- Could mask disk serial number and S.M.A.R.T. health information
- Could perform slower than their HBA equivalents
- Could cause data loss if using a write cache with a dead battery backup unit (BBU))
A direct-attached system, where every disk connects to an interface on the controller card, is optimal but not always possible. A SAS expander, which is a port multiplier or splitter, enables each SAS port on a controller card to service many disks. You find SAS expanders only on the drive backplane of servers or JBODs with more than twelve drive bays. For example, a TrueNAS JBODs that eclipses 90 drives in only four rack units of space. This wouldn’t be possible without the miracle of SAS expanders. Otherwise, imagine how many eight port HBAs you would required to access 90 drives! While SAS expanders, designed for SAS disks, can often support SATA disks via the SATA Tunneling Protocol or STP. SAS disks are still preferred for reasons mentioned in the NL-SAS section above but SATA disks function on a SAS-based backplane. Note that the opposite is not true: you can’t use a SAS drive in a port designed for SATA drives.
A much-cited study floating around the Internet asserts that drive temperature has little impact on drive reliability. This study makes for a great headline or conversation starter but a careful reading of the report indicates that the drives were all tested under optimal environmental conditions. The average temperature that a well-cooled spinning hard disk reaches in production is around 28 °C and one study found that disks experience twice the number of failures for every 12 °C increase in temperature. Before adding drive cooling that often comes with added noise, especially on older systems, recognize there is always a risk of throwing money away by running a server in a data center or closet without noticing that the internal cooling fans are set to their lowest setting. Pay close attention to drive temperature in any chassis that supports 16 or more drives, especially if they are exotic, high-density designs. Every chassis has certain areas that are warmer for whatever reason. Watch for fan failures and the tendency for some models of 8TB drives to run hotter than other drive capacities. In general, try to keep drive temperatures below the drive vendor’s specification.
TrueNAS has higher memory requirements than many Network Attached Storage solutions for good reason: it shares dynamic random-access memory (DRAM or simply RAM) between sharing services, add-on plugins, jails, and virtual machines, and sophisticated read caching. RAM rarely goes unused on a TrueNAS system and enough RAM is key to maintaining peak performance. You should have at least 8 GB of RAM for basic TrueNAS operations with up to eight drives. Other use cases each have distinct RAM requirements:
- Add 1GB for each drive added after eight to benefit most use cases.
- Add extra RAM (in general) if there are more clients connecting to the TrueNAS system. A 20 TB pool backing lots of high-performance VMs over iSCSI might need more RAM than a 200 TB pool storing archival data. If using iSCSI to back VMs, plan to use at least 16 GB of RAM for reasonable performance and 32 GB or more for optimal performance.
- Add 2 GB of RAM for directory services for the winbind internal cache.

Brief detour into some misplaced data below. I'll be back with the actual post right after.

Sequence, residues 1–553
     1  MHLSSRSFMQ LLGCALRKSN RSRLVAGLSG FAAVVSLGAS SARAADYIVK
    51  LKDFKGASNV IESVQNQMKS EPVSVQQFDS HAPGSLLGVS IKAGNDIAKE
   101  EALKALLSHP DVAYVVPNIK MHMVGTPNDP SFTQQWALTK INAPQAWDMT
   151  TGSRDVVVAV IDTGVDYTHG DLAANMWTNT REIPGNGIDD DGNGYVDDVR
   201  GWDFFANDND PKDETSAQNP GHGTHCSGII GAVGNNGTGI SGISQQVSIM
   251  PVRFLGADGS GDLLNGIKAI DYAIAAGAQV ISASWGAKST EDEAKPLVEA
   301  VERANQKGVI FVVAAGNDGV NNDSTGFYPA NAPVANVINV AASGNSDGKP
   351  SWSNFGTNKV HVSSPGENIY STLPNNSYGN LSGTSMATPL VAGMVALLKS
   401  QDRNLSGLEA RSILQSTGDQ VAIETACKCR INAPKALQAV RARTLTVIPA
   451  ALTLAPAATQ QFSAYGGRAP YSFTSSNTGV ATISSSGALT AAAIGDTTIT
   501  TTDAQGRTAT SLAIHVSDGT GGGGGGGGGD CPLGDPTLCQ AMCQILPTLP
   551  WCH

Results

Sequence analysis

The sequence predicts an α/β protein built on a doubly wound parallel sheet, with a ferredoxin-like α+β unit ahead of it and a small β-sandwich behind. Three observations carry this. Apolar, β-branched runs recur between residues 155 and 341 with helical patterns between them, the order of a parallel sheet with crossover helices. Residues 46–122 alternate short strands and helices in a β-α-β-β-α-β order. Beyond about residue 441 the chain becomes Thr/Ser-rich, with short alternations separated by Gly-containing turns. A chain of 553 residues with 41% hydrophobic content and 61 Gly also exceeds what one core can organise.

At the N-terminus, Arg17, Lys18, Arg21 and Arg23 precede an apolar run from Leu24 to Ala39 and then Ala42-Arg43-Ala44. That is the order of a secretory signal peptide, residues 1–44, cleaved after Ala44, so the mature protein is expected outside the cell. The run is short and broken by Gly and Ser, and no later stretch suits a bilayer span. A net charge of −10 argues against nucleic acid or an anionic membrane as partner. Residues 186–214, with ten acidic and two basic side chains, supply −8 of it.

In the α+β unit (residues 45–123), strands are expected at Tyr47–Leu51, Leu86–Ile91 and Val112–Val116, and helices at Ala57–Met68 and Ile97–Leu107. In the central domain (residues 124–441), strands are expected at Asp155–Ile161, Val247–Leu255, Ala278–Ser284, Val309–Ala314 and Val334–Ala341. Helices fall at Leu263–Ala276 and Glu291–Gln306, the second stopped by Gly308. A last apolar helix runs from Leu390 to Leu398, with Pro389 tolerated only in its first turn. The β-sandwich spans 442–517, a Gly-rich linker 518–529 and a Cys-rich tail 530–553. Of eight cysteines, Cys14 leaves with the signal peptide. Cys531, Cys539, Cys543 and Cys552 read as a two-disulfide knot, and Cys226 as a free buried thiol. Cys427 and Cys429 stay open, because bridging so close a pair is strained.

- Add more RAM as required for plugins and jails as each have specific application RAM requirements.
- Add more RAM for virtual machines with guest operating system and application RAM requirements.
- Add the suggested 5 GB per TB of storage for deduplication that depends on an in-RAM deduplication table.
- Add approximately 1 GB of RAM (conservative estimate) for every 50 GB of L2ARC in your pool. Attaching an L2ARC drive to a pool actually uses some RAM, too. ZFS needs metadata in ARC to know what data is in L2ARC.
Electrical or magnetic interference inside a computer system can cause a spontaneous flip of a single bit of RAM to the opposite state, resulting in what’s known as a memory error. Memory errors can cause security vulnerabilities, crashes, transcription errors, lost transactions, and corrupted or lost data. So RAM, the temporary data storage location , is one of the most vital areas for preventing data loss.
Error correcting code or ECC RAM detects and corrects in-memory bit errors as they occur. If errors are severe enough to be uncorrectable, ECC memory causes the system to hang (become unresponsive) rather than continue with errored bits. For ZFS and TrueNAS, this behavior virtually eliminates any chances that RAM errors pass to the drives to cause corruption of the ZFS pools or errors in the files.
The lengthy, Internet-wide debate on whether to use error correcting code (ECC) system memory with OpenZFS and TrueNAS summarizes as:
- ECC RAM is strongly recommended as another data integrity defense
- Some CPUs or motherboards support ECC RAM but not all
- Many TrueNAS systems operate every day without ECC RAM
- RAM of any type or grade can fail and cause data loss
- RAM is most likely to fail in the first three months so test all RAM before deployment.
Choosing ECC RAM significantly reduces the available CPU and motherboard options, but that is actually a good thing. Intel® makes a point of limiting ECC RAM support to their lowest and highest-end CPUs, cutting out the mid-range i5 and i7 models.
Exactly what CPU to choose can come down to a short list of key factors:
- An under-powered CPU can create a performance bottleneck because of the way OpenZFS does checksums, compresses and (optional) encrypts data.
- A higher-frequency CPU with fewer cores usually performs best for SMB only workloads because of Samba, the lightly-threaded TrueNAS SMB daemon.
- A higher-core-count CPU is better suited for parallel encryption and virtualization.
- A CPU with AES-NI encryption acceleration support improves the speed of file system and network encryption.
- A server-class CPU is best and recommended for their power and ECC memory support .
- A Xeon E5 CPU (or similar) is best and recommended for use with software-encrypted pools.
- An Intel Ivy Bridge CPU or later is best and recommended for virtual machine use.
Watch for VT-d/AMD-Vi device virtualization support on the CPU and motherboard to pass PCIe devices to virtual machines. Be aware if a given CPU contains a GPU or requires an external one. Also, note that many server motherboards include a BMC chip with a built-in GPU. See below for more details on BMCs.